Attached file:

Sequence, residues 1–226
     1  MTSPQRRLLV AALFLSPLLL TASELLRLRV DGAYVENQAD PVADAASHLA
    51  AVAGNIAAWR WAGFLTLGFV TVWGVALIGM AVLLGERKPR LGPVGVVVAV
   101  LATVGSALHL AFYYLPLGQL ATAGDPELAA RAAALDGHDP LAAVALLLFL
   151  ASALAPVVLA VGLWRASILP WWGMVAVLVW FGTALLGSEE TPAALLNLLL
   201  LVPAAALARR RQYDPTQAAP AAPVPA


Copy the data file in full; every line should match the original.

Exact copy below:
Sequence, residues 1–226
     1  MTSPQRRLLV AALFLSPLLL TASELLRLRV DGAYVENQAD PVADAASHLA
    51  AVAGNIAAWR WAGFLTLGFV TVWGVALIGM AVLLGERKPR LGPVGVVVAV
   101  LATVGSALHL AFYYLPLGQL ATAGDPELAA RAAALDGHDP LAAVALLLFL
   151  ASALAPVVLA VGLWRASILP WWGMVAVLVW FGTALLGSEE TPAALLNLLL
   201  LVPAAALARR RQYDPTQAAP AAPVPA